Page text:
Facebook Ads – these days it sounds like the holy grail. Advertising on Facebook will solve all your problems and make you big money. There are so many schemes, programs and funnels out there that claim to be fool proof. Everyone these days calls themselves a social media expert.
But beware: mastering social media advertising is not a quick scheme at all. Things change frequently in this world and you need to be on top of your game and keep learning and testing.
Advertising on Facebook should always only be just one of many things you’re doing. I tell you now, it’s not the holy grail at all. It can work for you, but it might also not. You need to get your head around it and be patient. Yes, you might see great results straight away, but often this isn’t the case. Have some patience and persevere. Make sure that Facebook (including Instagram) fits into your overall marketing plan and strategy and that you’re looking at this channel the right way.
So, what are the 6 major mistakes people make when they’re new to Facebook Ads?
1. Boosting a Post
Please repeat after me: “I will never ever succumb to Facebook asking me to boost a post”.
Don’t do it. It’s a waste of money.
If you have a well performing post that you want to amplify, go and create an ad account and set up a proper ad campaign with the right targeting.
“But it’s so easy and I get likes”. Easy and comfort should never guide your marketing and advertising. And post likes don’t have much value. Wouldn’t you rather want to reach an audience that is really interested in your product or service and willing to buy it rather than someone who is liking posts just because they have the time to do so?
Running Facebook Ads through Facebook Ads Manager gives you a lot more control over how and where Facebook is spending your money.
When you boost a post, you don’t have any visibility over your audience, where they are located – you’re flying blind. Facebook Ads give you a lot more data to play with and you’ll be able to understand what is working and what is not.
So please, repeat after me: “I will only ever run Facebook Ads and never ever boost a post!” :)
2. No Facebook Pixel in Place
What the heck is a Facebook Pixel? Why do I need to track? What is tracking anyway?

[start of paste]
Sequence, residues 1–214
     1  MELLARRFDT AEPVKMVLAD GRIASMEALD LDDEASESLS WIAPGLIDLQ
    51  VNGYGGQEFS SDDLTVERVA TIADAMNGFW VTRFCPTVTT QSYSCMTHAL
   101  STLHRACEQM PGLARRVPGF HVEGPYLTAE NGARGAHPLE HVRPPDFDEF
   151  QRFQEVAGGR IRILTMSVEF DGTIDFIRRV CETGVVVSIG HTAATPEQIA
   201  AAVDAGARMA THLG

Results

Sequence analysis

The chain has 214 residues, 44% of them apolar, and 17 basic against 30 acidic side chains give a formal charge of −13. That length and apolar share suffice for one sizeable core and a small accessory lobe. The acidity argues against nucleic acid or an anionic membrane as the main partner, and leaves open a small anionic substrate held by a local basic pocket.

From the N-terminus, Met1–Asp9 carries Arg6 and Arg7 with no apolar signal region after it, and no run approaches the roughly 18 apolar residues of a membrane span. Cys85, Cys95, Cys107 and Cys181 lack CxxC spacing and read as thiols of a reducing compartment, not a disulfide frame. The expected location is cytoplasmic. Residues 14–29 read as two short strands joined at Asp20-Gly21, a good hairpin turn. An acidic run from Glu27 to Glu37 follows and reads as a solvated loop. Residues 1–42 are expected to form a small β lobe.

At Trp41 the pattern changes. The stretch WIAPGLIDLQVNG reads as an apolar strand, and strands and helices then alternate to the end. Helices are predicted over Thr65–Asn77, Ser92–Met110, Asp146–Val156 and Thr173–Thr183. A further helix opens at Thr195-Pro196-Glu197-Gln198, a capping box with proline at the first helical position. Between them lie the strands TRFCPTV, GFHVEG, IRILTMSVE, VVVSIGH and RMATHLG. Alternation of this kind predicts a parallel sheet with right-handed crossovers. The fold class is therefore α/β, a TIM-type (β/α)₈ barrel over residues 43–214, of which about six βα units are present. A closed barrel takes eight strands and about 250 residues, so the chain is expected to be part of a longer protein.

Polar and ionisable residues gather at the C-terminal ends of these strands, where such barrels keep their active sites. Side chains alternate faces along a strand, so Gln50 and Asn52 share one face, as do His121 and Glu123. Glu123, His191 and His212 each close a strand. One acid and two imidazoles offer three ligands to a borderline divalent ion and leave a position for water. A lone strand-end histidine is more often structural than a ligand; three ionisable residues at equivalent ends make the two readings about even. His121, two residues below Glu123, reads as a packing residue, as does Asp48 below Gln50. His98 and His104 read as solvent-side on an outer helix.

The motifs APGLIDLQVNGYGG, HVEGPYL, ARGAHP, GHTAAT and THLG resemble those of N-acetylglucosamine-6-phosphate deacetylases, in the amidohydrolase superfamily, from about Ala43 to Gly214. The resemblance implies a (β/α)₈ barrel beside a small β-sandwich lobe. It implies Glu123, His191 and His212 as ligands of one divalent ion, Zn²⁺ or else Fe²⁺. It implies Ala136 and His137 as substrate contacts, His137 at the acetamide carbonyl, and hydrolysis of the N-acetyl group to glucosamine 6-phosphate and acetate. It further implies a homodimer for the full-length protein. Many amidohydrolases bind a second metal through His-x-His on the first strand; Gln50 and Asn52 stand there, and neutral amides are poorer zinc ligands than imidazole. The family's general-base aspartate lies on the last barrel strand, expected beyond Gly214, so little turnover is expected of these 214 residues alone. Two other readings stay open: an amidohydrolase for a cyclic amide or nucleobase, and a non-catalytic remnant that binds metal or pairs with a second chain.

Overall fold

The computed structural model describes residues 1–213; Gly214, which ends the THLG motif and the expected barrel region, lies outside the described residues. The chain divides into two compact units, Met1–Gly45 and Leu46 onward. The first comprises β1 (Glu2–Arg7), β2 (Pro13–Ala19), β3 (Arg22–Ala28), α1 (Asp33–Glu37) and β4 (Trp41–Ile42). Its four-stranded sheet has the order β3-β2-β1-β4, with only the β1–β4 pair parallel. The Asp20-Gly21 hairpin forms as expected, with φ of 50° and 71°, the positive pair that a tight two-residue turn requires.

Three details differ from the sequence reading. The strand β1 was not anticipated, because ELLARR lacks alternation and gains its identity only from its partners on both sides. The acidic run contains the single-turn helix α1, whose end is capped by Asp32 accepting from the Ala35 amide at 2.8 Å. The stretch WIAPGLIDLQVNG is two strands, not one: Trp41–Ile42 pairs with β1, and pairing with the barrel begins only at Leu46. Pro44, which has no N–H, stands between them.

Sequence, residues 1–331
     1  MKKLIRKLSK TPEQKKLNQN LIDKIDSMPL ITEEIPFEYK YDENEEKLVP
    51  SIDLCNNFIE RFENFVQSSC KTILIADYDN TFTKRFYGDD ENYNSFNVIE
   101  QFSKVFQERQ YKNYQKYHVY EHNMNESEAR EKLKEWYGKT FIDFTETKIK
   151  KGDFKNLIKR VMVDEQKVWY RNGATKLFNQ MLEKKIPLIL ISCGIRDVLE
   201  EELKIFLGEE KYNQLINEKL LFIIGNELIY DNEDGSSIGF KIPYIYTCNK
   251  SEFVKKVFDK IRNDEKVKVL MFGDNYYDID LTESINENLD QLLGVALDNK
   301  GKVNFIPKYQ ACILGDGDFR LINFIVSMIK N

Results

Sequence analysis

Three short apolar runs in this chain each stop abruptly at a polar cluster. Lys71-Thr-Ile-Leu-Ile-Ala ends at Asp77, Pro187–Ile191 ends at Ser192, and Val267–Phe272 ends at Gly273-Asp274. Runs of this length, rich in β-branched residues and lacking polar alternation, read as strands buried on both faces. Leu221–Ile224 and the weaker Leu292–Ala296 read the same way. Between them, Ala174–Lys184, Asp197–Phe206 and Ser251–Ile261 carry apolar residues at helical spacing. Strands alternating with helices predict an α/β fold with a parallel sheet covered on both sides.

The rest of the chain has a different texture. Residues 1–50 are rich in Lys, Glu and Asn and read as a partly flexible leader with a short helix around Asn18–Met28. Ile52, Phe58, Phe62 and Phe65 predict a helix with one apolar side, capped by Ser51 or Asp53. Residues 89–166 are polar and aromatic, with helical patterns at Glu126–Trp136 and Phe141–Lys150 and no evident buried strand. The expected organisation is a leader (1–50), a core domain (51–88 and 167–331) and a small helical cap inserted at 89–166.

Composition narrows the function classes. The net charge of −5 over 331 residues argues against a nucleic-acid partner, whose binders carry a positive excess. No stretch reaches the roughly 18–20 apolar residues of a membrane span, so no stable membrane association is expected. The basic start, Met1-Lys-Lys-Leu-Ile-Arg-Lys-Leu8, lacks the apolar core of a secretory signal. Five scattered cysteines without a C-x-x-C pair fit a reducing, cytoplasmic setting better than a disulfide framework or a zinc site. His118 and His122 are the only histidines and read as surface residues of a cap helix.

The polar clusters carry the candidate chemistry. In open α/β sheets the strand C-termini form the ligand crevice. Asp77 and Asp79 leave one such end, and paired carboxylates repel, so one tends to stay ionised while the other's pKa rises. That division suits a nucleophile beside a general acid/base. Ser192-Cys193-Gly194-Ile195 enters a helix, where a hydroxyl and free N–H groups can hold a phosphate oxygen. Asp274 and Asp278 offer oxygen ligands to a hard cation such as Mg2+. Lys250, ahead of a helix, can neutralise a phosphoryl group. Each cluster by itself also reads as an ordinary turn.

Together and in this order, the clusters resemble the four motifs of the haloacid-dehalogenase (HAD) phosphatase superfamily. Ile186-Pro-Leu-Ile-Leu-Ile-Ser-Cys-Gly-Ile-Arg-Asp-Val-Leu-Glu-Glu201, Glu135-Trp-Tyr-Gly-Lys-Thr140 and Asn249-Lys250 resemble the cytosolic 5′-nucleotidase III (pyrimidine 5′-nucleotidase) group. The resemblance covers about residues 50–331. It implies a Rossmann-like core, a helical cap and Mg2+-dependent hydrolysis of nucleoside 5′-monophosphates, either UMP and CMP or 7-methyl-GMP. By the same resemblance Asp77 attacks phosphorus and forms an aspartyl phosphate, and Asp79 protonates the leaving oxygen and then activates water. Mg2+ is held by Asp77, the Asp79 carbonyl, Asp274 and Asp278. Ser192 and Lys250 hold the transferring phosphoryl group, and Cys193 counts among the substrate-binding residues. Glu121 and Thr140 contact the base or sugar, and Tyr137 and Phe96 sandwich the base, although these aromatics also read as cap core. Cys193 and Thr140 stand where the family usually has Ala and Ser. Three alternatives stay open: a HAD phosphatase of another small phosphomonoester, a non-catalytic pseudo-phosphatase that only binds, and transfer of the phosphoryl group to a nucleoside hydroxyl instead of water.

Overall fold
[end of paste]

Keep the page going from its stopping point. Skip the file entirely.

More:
If you paid money for something, wouldn’t you want to know what you’re getting and if the investment was a good one?
Imagine you’re hiring a sales person, pay them good money, but you’re not getting any updates from them, you don’t even know what they’re doing all day. Would you keep doing that?
No, you would put measures in place to understand their approach, track how many calls they’re making each day, how many of those turn into leads and so on. You’d have a good view of what’s working and what is not.
Now transfer this to Facebook Advertising. You wouldn’t want to give Facebook your money and then not know what is actually happening and if you were actually getting leads, would you?
No, and that’s why you need to install the Facebook tracking Pixel.
Another big benefit of the Facebook Pixel is that you’ll be able to target those people who have been to your site but did not purchase. They already know your brand but weren’t ready to buy. You can now build a specific audience with just these visitors and show them an ad with an extra incentive to purchase, for example free shipping or a discount. This will make them more likely buy from you and is called retargeting.
See, having the Pixel installed will make a big difference and ensure you’re not wasting money and are getting the best possible results out of your campaign.
3. Not Having a Clear Objective
Why do I need an objective? What does this even mean?
As a business owner, you have goals for your business. These could be revenue goals, growth goals or the goal to sell your business at some point.
In marketing it’s similar, you need a goal or objective. What do you want to achieve with your marketing efforts? Is it growing your brand? Or maximizing your revenue online? Or just driving relevant traffic to your blog?
Your ultimate goal is specific to you, your business and the stage your business is in. Social advertising can help you with all of these goals and more.
Your campaign can only be successful though if you decide on one specific objective to start with (your primary objective) and focus on this one throughout the campaign as your objective will also define how you’re going to measure success.
If you’re selling online, I recommend to go with Conversion as a campaign goal (you have to select an objective as one of the first steps when setting up a Facebook campaign). A conversion can be whatever you have set up on your website, i.e. a purchase of a physical product or a digital offering, someone filling out your contact or email subscription form (a lead), a download, …